Part 3 of 6 of an interview with David Peck, D.O.
Oftentimes the mercury would be applied for a period of two to three weeks, until the patient would start to salivate excessively. Now, that was in part a poisoning action of some of this mercury that it had on these enzymes. For instance, a side effect of mercury poisoning is that the patient would slough oral tissue. This is a result of the mercury attacking the protein structure within our own body causing it to break down, causing some very ugly side effects. So, you can see that the treatment of mercury for syphilis was potentially curative because it could kill the bacteria by inactivating the enzymes and the protein within the bacteria, but at the same time it also attacks the protein structures within the human body. It is a very sharp double-edged sword. It kills the bacteria, but it also, unfortunately, does a great deal of harm to the patient.
Now, as I mentioned in my book, the side effect of salivation which occurred with mercury treatment for syphilis . . . Medical science in 1804 to 1806 believed that that was a sign that the patient's body was expelling what they called a contagion. Or that whatever it was . . . they didn't know at that time it was a bacteria . . . whatever it was that was causing the disease of syphilis, was being expelled, thereby producing these symptoms of salivation within the patient.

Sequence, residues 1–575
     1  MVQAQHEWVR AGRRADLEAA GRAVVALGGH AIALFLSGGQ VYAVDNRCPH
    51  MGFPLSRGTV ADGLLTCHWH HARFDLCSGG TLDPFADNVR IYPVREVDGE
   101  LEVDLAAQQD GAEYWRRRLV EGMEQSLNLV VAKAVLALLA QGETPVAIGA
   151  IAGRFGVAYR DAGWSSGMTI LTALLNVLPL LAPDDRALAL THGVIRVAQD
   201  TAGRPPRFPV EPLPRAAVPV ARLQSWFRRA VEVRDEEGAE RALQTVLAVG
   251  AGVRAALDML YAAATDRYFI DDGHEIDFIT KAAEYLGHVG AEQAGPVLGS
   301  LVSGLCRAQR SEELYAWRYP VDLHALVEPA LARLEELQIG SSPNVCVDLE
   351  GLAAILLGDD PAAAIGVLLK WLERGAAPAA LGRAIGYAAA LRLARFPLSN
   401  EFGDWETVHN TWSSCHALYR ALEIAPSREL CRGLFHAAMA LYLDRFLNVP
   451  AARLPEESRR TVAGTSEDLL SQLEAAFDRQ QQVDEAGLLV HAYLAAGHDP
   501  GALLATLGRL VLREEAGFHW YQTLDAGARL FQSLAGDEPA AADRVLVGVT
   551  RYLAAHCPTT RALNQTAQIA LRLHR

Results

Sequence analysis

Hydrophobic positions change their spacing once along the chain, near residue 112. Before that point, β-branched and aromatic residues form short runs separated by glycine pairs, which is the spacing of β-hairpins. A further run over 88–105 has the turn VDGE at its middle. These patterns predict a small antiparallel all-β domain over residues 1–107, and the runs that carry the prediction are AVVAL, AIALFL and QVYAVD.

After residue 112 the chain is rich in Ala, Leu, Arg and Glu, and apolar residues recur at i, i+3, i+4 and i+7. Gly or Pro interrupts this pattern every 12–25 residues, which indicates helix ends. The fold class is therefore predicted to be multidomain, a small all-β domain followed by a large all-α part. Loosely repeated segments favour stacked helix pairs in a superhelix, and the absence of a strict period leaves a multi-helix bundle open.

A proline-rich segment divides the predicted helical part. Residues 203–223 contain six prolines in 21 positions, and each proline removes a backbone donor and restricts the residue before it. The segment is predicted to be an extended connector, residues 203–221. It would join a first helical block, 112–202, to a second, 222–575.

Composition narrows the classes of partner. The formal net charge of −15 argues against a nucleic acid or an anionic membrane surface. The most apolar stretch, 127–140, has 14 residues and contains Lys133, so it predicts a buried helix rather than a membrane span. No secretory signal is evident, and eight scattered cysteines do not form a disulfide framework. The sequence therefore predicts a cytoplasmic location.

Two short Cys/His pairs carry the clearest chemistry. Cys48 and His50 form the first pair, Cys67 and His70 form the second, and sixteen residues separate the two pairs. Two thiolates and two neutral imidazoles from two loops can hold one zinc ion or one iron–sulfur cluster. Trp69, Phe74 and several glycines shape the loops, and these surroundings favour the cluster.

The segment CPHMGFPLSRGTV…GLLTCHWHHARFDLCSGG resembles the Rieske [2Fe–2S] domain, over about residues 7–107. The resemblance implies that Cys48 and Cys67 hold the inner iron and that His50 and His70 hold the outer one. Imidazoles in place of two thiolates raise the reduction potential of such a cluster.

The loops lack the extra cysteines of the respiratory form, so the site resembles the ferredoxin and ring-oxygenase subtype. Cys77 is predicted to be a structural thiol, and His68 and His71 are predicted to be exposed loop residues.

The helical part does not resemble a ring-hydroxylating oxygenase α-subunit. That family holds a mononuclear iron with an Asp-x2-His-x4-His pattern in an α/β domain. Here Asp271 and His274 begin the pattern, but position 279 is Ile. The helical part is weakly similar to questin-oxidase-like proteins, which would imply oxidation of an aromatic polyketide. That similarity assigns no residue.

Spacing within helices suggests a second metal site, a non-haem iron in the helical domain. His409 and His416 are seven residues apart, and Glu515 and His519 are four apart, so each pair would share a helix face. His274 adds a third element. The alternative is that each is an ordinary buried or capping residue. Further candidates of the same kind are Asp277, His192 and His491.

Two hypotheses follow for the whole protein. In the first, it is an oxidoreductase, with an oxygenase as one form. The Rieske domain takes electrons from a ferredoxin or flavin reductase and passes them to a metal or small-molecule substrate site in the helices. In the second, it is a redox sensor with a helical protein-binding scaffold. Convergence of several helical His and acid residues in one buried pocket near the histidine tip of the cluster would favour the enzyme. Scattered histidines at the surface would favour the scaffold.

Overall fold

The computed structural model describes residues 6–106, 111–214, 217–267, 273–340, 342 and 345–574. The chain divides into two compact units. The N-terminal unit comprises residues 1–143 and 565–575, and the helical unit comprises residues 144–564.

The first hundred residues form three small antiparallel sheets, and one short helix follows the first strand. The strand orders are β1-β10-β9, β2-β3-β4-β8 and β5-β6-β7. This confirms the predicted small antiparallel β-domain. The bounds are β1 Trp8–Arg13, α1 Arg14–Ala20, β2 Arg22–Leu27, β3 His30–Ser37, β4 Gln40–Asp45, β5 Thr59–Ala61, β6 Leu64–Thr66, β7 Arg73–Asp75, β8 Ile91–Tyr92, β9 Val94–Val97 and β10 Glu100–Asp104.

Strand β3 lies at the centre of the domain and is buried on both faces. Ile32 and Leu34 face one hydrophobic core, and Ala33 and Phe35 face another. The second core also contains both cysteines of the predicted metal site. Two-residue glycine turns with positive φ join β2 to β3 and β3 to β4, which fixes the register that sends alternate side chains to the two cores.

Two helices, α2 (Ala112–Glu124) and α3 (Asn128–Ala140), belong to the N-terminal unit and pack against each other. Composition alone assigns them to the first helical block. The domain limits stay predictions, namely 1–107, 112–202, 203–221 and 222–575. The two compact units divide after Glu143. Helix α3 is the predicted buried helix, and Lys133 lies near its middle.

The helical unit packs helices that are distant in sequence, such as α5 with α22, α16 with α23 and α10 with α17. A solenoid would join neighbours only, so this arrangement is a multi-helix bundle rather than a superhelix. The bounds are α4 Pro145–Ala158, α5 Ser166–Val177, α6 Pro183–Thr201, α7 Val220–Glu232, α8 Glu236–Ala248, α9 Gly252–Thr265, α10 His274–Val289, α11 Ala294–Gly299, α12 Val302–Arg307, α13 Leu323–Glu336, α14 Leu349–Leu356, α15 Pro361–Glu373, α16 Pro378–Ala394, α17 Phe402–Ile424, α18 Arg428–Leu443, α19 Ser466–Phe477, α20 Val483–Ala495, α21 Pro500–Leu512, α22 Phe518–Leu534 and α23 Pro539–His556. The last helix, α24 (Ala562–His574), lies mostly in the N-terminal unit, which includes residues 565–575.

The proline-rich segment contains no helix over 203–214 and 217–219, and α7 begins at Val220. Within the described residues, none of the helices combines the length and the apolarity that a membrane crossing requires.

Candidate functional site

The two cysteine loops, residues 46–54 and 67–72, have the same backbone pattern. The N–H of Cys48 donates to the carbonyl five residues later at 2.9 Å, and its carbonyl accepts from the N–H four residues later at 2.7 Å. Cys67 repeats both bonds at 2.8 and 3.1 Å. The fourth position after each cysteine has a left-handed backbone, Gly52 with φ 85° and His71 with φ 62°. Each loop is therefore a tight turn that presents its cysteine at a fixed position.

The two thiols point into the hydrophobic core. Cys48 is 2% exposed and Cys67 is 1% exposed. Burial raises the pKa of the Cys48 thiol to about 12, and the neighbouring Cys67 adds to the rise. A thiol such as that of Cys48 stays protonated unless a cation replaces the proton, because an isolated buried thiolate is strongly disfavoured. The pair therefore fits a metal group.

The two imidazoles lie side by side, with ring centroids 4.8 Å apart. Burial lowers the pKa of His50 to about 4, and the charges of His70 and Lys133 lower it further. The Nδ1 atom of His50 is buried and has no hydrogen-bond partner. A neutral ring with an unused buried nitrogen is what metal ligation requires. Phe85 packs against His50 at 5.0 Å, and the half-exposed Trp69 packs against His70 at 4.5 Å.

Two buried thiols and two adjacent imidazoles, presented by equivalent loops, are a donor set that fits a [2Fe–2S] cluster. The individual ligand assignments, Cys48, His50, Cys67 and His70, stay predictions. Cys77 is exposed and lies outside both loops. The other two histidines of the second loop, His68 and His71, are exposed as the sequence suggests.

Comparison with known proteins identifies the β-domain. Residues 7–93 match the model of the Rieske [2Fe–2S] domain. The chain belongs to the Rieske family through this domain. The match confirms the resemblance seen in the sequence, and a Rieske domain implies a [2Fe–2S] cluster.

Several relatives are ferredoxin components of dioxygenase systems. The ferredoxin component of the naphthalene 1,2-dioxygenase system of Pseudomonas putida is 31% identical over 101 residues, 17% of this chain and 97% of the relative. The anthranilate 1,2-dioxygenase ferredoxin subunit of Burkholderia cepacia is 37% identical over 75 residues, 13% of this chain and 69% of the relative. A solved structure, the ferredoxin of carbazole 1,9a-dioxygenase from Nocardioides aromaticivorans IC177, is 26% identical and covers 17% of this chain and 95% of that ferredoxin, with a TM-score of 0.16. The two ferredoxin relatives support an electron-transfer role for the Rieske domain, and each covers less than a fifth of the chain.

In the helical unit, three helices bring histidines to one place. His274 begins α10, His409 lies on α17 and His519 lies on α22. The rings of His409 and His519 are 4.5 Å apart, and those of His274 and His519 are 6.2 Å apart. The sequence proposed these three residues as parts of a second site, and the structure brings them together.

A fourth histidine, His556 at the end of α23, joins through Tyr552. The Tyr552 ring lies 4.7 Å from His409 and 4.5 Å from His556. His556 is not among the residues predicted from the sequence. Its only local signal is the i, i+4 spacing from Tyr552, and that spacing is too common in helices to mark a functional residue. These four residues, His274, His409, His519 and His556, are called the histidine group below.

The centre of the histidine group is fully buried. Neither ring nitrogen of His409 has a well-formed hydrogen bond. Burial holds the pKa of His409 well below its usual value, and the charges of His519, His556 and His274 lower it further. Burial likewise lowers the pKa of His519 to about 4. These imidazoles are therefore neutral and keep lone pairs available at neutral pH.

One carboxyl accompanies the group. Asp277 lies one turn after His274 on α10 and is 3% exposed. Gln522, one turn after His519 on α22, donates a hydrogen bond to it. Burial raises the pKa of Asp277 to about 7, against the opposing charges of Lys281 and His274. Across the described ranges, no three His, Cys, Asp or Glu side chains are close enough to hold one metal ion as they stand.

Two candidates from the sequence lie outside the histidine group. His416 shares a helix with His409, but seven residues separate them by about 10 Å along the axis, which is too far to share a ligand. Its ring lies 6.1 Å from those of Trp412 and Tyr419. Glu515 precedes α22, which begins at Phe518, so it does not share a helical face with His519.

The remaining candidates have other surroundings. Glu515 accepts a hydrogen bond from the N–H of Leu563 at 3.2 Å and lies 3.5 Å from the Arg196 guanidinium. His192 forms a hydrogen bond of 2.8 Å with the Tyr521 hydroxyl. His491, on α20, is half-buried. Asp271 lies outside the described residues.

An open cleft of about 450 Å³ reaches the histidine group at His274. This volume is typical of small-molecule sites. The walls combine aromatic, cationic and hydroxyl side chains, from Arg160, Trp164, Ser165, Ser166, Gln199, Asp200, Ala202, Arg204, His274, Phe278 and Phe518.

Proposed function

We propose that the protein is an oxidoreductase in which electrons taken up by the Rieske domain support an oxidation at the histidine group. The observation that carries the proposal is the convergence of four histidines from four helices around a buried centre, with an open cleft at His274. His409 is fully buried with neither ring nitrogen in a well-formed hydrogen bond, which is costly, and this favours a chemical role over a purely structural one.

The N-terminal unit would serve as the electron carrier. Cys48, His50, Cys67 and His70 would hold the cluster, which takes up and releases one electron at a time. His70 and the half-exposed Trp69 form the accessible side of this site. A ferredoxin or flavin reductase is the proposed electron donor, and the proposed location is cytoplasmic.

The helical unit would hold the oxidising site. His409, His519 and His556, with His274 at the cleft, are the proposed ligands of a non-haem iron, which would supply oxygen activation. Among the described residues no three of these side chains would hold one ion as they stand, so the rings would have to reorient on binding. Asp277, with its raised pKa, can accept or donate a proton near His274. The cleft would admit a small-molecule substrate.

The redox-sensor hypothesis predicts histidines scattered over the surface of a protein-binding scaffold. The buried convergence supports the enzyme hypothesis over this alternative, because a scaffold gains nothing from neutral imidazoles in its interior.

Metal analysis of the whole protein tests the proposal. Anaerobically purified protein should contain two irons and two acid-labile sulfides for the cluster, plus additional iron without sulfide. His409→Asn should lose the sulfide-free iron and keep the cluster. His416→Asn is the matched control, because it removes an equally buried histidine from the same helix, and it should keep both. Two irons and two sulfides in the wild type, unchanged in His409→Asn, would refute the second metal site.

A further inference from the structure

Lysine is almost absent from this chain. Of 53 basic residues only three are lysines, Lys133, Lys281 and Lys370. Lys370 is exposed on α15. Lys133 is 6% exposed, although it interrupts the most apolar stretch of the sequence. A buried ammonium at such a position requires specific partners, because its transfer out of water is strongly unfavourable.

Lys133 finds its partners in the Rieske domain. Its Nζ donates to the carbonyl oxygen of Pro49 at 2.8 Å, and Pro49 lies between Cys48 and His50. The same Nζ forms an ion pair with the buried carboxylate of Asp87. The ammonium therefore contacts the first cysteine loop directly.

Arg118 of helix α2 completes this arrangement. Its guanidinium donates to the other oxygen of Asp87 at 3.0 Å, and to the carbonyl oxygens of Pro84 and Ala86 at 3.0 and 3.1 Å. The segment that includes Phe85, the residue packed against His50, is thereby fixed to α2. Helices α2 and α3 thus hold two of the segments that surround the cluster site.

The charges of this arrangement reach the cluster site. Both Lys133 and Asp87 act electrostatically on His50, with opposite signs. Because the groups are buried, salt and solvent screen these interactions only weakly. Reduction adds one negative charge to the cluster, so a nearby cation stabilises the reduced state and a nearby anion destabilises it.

At that time they did not understand microbiology, they did not understand that syphilis was caused by a bacteria. It was over 60 years before medical science developed the germ theory of disease under the influence of Koch6 and Pasteur7 in Europe.
6. Robert Koch (1843-1910) was a German physician, and one of the founders of the science of bacteriology. In 1876 he discovered the anthrax disease cycle, in 1882 the bacteria producing tuberculosis, and in 1883, cholera.
7. Louis Pasteur (1822-1895), was the French chemist and microbiologist who proved that diseases are caused by microorganisms. His major discoveries began as efforts to assist industries, such as the treating of vinegar, wine, and beer—and later milk—by heating them to destroy germs.
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